Robert Siegel speaks to Mark Mazower, a professor of history at Columbia University and an expert on contemporary Greece, about the tensions between democracy and the need for decisive action in dealing with the euro crisis. Mazower says that the speed of financial markets, and the slowness of the democratic process, has increased this tension during the crisis.
Twentieth-century Russian music is often thought of as dark and brooding, a reflection of life under the thumb of a brutal state. When it was funny, it usually had a kind of gallows humor.
Yet many of the same composers whose concert works often reflected a dark reality also wrote cartoon music for kids. Thursday night, the Brooklyn Philharmonic is playing some of these cartoon scores in Brighton Beach — the heart of the Russian-American community in New York City. For some of its creators, cartoon music offered a certain kind of escape.
To us it sounded like the premise of a particularly cruel reality TV show: Six men are picked to live in a windowless, cramped mock spaceship for 18 months to see how humans would react to conditions similar to what one would expect on a mission to Mars.
Tomorrow, after 520 days of isolation, the hatch will finally be open and the volunteers will return to normal life. With a cost of $15 million, the project, dubbed Mars500, is a serious experiment commissioned by the European Space Agency.
Beginning Nov. 10, citizens and permanent residents in Cuba will be able to buy and sell residential property on the island. The move is one of the more major acts of reforms instituted by President Raúl Castro.
Pull any packaged food item off the shelf and chances are it has a long list of mysterious ingredients with highly scientific names like "methylcellulose." If you're like us, you may puzzle and even worry a little over theseunappetizing words.
Why do we have so much weird stuff like methylcellulose and xanthum gum that's produced in a laboratory in our food? Texture, baby, texture. It's nearly impossible to understate the importance of texture and "mouth feel" to food companies, especially in an age when people fear the fat content in their food.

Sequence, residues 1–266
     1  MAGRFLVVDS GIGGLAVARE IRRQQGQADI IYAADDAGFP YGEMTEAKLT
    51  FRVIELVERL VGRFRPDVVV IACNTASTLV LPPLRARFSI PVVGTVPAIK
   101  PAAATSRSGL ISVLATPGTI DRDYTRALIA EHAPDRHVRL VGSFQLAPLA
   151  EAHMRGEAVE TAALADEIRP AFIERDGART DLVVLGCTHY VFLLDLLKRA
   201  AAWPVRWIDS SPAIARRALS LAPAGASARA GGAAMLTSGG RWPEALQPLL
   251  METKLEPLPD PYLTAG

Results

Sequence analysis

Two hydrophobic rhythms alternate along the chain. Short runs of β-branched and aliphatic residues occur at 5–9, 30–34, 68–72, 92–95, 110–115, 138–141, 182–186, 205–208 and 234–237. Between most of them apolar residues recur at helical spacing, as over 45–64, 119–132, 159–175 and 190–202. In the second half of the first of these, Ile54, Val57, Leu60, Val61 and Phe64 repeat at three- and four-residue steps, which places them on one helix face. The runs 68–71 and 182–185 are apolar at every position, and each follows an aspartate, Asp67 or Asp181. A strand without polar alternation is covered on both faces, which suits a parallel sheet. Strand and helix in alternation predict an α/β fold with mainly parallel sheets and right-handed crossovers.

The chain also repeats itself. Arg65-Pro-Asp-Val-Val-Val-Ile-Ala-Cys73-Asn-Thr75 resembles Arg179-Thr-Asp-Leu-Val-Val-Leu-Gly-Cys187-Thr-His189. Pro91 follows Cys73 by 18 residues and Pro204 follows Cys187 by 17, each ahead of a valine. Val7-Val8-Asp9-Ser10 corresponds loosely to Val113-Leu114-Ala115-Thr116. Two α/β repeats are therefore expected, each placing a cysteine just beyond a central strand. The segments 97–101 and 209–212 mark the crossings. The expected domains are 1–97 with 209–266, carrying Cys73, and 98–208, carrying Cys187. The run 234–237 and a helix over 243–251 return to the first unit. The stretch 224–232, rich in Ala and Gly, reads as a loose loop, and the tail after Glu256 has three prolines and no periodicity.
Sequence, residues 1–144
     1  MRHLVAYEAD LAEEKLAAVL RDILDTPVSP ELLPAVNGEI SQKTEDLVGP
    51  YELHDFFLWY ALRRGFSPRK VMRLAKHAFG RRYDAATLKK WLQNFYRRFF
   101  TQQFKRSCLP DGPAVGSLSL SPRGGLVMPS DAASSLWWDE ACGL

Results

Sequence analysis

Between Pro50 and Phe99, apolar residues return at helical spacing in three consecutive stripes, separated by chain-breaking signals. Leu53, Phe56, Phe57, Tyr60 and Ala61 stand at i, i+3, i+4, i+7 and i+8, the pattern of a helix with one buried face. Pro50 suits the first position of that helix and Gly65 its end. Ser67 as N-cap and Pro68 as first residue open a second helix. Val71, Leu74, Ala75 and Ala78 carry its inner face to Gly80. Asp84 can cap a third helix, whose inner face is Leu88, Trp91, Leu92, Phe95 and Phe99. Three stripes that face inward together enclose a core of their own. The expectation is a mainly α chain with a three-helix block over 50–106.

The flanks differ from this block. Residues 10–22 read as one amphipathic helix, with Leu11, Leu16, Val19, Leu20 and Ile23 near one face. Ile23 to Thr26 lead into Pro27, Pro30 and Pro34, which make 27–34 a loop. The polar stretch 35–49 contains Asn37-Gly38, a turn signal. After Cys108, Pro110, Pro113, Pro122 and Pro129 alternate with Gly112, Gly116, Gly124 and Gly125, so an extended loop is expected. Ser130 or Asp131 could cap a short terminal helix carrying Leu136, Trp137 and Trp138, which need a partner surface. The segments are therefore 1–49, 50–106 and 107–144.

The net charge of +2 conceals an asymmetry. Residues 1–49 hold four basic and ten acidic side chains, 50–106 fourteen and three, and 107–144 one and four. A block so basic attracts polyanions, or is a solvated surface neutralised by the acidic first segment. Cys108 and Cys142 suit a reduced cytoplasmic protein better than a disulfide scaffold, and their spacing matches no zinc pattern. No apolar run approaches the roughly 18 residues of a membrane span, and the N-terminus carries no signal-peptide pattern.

Originally published on Thu November 3, 2011 5:51 pm
Hillary Adams, who videotaped her father beating her in 2004 and released it to the world last week because she believes he should not be serving as a judge in Texas, said this morning that such punishments happened regularly and that she believes her father "needs help and rehabilitation."
For his part, Judge William Adams says that "in my mind I haven't done anything wrong. ... She wasn't hurt, it was a long time ago" and she was just "being disciplined."
Catching up on the latest news about the allegations, which he says are false, that Republican presidential candidate Herman Cain sexually harassed some women when he was heading the National Restaurant Association in the late 1990s:
But what began as a "mostly peaceful" general strike that "drew thousands Wednesday for rallies and marches ... turned chaotic early Thursday after protesters took over a vacant building and police moved in, firing tear gas and flashbang grenades."
Animal Kings: Ants, like these workers carrying eggs to a plant's leaf after rain flooded their nest, have a combined biomass estimated in the billions of tons.
Credit Janice Haney Carr / AP
Oh, The Bacteria: A colorized electron micrograph image from the Centers for Disease Control and Prevention shows a large grouping of Gram-negative Legionella pneumophila bacteria. There are quadrillions of bacteria in the world, far surpassing humanity's 7 billion.
The revelation this week that the Earth now holds 7 billion people, according to the U.N.'s population division, prompted a question: Who else is in the 7 Billion Club? To find out which other animals had reached that plateau, we asked wildlife experts — and they patiently explained why our innocent question was nearly impossible to answer.